Ogata recalled: “In the final stages of the Super Cub’s development, Mr. Honda told Mr. Fujisawa, ‘This is a bike that a soba noodle delivery man can ride with one hand and a stack of noodle trays balanced on his shoulder.’ Mr. Fujisawa then quickly decided that our first round of ads should be a soba noodle shop series. We drove off to the Tama River, which we often used for background when shooting commercial films, rushed into a soba shop named ‘Heitai-ya’ where we used to go for lunch, and asked the 16-year old shop boy there to be the model in our photos.”
The result was the first round of Super Cub ads, which included the “Soba-mo genki-da, Okkasan!” (The Soba is Good, Too, Ma!) advertisement. This was based on the concept of a young lad having come to Tokyo from the countryside to study and train at a local soba shop in the making of good soba noodles. While there, he sends letters and photos to his mother in the remote countryside to let her know how he spends his days, which readers could see just as the mother would upon opening the envelope. The first letter read, “There’s no question that this shop’s biggest sales point is that it has a Super Cub. It makes deliveries so much quicker, which keeps the noodles from getting soggy. Our customer numbers have really taken off. The Super Cub also delivers great performance and lets me to ride with one hand, so I really feel like my job has become meaningful.”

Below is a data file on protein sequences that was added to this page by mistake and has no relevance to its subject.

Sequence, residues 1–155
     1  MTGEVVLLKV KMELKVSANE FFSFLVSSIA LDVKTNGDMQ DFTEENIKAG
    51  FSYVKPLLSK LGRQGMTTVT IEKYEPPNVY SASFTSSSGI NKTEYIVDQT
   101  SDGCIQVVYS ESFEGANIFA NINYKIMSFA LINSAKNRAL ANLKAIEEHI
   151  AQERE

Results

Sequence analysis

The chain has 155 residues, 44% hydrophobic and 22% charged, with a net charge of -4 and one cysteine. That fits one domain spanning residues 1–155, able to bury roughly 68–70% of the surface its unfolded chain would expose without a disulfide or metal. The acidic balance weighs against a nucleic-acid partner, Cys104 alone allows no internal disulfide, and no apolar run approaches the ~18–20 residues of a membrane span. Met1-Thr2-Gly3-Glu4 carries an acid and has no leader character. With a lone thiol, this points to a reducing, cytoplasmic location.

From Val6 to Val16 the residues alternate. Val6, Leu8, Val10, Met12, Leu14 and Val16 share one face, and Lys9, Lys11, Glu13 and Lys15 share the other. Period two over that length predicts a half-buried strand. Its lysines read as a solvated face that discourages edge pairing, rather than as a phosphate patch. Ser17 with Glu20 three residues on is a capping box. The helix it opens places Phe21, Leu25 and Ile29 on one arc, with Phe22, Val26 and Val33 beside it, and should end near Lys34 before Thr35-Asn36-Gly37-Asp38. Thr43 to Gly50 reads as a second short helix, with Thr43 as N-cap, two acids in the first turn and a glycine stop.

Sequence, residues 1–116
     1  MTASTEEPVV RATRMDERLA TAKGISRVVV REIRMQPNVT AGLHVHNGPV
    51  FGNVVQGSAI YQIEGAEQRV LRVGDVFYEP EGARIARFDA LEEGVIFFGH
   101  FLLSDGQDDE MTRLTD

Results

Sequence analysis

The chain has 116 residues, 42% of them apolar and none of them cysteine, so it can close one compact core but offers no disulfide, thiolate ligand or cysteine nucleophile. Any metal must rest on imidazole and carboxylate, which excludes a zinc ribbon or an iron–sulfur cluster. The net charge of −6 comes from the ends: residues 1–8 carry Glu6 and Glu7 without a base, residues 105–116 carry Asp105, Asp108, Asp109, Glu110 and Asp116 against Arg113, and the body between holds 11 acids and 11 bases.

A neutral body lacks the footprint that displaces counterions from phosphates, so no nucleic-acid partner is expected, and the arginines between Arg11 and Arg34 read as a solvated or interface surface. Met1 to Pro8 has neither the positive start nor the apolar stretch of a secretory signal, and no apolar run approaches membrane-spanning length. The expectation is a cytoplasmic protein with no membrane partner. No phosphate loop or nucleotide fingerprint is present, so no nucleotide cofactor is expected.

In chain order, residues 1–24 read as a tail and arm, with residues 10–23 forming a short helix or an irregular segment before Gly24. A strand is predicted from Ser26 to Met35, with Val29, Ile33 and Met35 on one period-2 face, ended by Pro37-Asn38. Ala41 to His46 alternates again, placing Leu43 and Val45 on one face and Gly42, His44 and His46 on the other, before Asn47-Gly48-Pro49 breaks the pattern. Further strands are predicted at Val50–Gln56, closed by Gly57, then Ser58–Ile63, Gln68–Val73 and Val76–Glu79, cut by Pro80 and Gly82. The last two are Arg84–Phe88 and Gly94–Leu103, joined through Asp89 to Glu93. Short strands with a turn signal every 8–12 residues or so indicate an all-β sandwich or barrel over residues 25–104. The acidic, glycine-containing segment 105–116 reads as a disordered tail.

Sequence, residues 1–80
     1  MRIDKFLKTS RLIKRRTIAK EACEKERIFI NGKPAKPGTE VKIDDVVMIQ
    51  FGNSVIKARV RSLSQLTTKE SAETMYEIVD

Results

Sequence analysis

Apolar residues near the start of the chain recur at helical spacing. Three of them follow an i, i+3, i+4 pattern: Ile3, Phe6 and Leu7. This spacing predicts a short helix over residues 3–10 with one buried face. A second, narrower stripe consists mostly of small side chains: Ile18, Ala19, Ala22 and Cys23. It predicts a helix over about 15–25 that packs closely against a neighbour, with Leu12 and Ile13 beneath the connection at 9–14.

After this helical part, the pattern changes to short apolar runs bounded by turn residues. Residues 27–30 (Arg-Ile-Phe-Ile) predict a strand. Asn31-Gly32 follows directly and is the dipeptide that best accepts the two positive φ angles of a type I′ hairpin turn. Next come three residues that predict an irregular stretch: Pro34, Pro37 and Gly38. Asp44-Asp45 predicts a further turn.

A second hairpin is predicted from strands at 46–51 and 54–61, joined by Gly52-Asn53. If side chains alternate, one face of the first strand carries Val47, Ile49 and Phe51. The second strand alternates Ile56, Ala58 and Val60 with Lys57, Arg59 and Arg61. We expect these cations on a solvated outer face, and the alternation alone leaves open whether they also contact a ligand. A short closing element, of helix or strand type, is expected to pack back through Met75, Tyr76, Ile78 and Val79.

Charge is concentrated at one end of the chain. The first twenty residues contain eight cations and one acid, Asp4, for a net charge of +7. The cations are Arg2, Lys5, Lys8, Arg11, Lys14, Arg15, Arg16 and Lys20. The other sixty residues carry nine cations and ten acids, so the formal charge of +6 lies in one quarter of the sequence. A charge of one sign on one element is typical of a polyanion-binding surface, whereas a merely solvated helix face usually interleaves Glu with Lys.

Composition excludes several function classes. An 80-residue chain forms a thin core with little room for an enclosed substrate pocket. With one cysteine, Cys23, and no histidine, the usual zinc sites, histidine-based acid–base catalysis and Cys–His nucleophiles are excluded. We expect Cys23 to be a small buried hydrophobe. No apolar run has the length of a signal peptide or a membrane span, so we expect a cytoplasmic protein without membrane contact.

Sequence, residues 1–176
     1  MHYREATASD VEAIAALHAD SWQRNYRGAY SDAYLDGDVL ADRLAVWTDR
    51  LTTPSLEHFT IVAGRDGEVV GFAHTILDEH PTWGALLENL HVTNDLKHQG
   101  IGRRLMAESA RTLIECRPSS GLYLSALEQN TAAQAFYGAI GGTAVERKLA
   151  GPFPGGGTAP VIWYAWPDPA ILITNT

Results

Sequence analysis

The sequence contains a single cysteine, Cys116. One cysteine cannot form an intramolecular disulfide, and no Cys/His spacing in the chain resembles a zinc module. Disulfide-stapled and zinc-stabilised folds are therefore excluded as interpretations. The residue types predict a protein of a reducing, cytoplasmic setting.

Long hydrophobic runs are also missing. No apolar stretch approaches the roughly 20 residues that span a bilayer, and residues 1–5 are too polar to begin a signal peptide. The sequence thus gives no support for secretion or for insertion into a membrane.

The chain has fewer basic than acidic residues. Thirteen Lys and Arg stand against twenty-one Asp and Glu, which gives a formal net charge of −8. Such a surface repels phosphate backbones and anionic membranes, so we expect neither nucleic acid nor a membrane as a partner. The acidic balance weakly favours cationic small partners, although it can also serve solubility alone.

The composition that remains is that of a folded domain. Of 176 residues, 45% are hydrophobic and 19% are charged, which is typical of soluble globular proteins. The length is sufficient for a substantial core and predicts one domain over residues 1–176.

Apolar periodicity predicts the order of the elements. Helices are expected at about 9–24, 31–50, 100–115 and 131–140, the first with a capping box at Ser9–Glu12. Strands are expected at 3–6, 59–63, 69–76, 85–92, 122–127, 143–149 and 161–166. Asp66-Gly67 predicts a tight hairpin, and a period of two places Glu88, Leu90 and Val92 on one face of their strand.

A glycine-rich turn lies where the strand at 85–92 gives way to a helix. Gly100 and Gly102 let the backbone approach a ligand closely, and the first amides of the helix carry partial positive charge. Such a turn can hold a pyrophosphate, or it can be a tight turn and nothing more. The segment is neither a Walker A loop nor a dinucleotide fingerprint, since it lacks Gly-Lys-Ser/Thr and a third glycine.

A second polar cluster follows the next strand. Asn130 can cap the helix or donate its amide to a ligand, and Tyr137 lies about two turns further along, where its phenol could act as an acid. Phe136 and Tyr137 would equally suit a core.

The ad offered a witty sketch of the lives of common folk infused with a touch of humor, and was accompanied by advertising copy written in small type which read: “Quiet engine, world’s top 50cc, 4.5 horsepower.”
Soichiro Honda was delighted whenever he saw the ‘The Soba Is Good, Too, Ma!’ ad, and used to exclaim, “Great! A soba delivery boy with a good attitude always makes me happy.”
It was ads like this that really stuck in people’s minds, and soon came to symbolize Honda at a time when the company was striving to be a maker of easy-to-use mobility vehicles that could take the drudgery out of common people’s lives and make their days more convenient and easy.